Seeing with your ears in Red Cliff
Name that sound. For us, it’s a parlor game. For animals, however, it may be the difference between finding lunch, being lunch or finding a date. Every tweet, roar, chirp, bugle, thump, howl and ribbit may signify a wanted mate, an unwanted danger, or a territorial claim. What does the sudden silence of frogs or insects in an otherwise raucous symphony of chirps and croaks mean? What is the woodpecker listening for as he taps his tree?In this day and age, we pay relatively little attention to our keen sense of hearing. On Tuesday, the Vail Symposium and Gore Range Natural Science School will host an acoustic snowshoe tour and talk with Frank Turina, a natural resource planner for the National Park Service’s Natural Sounds Program. Participants will tune into the sound sources that comprise the Vail Valley soundscape, and consider its impact on the animals that live here.
Using programmed Palm Pilots, hikers will log the different sounds that surround them as they walk in Red Cliff. After the snowshoe, the group will gather at Mango’s to learn about acoustic ecology and bioacoustic issues, play a challenging game of “name that nature sound,” compile and summarize the day’s findings, and enjoy some snacks. “Sometimes people don’t realize the sources of sound that affect the environment around us,” Turina said. “That sound not only impacts the human experience outdoors, but it also impacts the natural resources of the area, namely the wildlife.”These sounds are the heartbeat and breath of the wilderness. In many habitats, wildlife vocalizations and vibrations are what allow creatures and critters to live, thrive, and reproduce. If they can’t hear, they can’t survive.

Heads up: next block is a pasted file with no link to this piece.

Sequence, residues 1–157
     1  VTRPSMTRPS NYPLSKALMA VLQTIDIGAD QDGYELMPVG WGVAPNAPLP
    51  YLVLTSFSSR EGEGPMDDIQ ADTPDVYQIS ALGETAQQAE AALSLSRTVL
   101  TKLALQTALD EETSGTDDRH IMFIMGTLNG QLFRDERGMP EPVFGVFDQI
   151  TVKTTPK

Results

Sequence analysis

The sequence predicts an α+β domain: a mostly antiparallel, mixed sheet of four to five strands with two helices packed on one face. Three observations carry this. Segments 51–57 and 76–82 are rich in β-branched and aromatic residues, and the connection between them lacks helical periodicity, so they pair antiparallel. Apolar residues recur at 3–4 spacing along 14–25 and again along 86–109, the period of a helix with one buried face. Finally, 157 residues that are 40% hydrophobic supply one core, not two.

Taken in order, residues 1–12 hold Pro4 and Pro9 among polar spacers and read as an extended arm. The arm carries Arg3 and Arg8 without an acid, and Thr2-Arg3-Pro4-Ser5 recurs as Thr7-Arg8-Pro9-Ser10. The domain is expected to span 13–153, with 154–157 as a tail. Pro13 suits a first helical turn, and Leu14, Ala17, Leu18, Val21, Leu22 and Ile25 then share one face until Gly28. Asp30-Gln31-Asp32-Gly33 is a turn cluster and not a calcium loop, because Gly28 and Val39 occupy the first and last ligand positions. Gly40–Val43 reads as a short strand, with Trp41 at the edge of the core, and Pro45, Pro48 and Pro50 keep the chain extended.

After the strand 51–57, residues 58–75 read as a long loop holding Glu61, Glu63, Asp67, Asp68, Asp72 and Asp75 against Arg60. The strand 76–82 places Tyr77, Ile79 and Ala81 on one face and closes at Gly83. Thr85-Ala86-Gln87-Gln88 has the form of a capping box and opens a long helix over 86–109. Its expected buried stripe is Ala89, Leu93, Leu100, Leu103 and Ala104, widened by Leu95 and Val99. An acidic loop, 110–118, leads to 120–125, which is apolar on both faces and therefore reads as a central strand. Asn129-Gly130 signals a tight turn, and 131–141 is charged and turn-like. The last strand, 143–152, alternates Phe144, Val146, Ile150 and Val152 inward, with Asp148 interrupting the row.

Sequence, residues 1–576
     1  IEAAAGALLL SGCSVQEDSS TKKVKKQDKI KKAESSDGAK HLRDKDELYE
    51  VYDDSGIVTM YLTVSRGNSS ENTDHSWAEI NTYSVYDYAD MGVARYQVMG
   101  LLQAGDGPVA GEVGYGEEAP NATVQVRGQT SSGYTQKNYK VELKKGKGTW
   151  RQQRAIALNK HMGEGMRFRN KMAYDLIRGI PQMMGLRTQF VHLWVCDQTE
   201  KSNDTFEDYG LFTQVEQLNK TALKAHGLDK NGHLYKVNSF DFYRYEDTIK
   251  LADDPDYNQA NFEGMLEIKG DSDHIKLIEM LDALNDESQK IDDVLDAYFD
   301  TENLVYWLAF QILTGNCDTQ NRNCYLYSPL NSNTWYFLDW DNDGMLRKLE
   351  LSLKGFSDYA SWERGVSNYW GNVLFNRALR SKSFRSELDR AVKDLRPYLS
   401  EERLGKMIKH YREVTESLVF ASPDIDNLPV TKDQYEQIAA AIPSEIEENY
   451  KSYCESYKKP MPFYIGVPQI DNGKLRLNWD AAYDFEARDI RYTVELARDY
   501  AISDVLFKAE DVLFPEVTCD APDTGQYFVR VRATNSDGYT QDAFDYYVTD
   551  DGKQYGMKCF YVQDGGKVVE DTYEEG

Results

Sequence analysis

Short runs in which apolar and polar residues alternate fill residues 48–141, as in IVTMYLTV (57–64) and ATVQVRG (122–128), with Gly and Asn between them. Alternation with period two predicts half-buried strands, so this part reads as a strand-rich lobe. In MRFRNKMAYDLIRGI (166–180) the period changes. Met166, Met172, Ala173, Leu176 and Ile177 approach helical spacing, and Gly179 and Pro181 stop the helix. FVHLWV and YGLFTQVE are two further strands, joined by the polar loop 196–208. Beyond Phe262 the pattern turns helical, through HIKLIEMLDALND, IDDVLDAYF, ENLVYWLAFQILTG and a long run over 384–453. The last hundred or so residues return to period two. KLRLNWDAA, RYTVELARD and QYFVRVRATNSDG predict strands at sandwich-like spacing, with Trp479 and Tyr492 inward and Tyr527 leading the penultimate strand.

What is soundscape
An area’s “soundscape” refers to its total acoustic environment. This includes sounds made by animals, insects and birds, as well as from wind, water and humans. Soundscapes naturally vary with time of day and season, but can also be easily affected (or destroyed) by the introduction of human-caused sound. Thus it is crucial to consider, monitor, and manage the sounds present in an environment. It is for this reason that the National Park Service Natural Sounds Program was developed in 2000.A large part of Turina’s work is to develop comprehensive approaches to managing parks’ soundscapes. This includes characterizing parks’ acoustic environments, and preventing and managing noise intrusions in order to protect them. Turina works with park officials to determine thresholds for various zoned areas within the park. He then monitors and records sound within these areas in order to determine sound levels for the whole park. If the levels exceed the thresholds necessary to maintain the desired soundscape, Turina will then work with officials to develop a plan to manage noise levels. Such plans may include reducing the means by which visitors can access the park (such as restricting motorized vehicles), requiring park maintenance employees to use different equipment (such as rakes instead of leave-blowers), or enforcing “quiet hours” in campgrounds.
Dealing with noiseTurina also works with parks experiencing noise issues. “There are 82 parks that routinely run air tours,” Turina said. Thus Air Tour Management Planning is required to determine where and how frequently these tours may operate. In Glacier National Park, avalanche bombing is the question. The Natural Sounds Program recently studied the impact such slide mitigation might have on both wildlife and visitors in the park. Other noise issues might include development taking place outside a park, or the 119,000 motorcycles that rumble through Mt. Rushmore National Park each year during the Sturgis bike rally.This program is offered by Gore Range Natural Science School. Gore Range Natural Science School operates under special permit from the White River National Forest and is an equal opportunity service provider.
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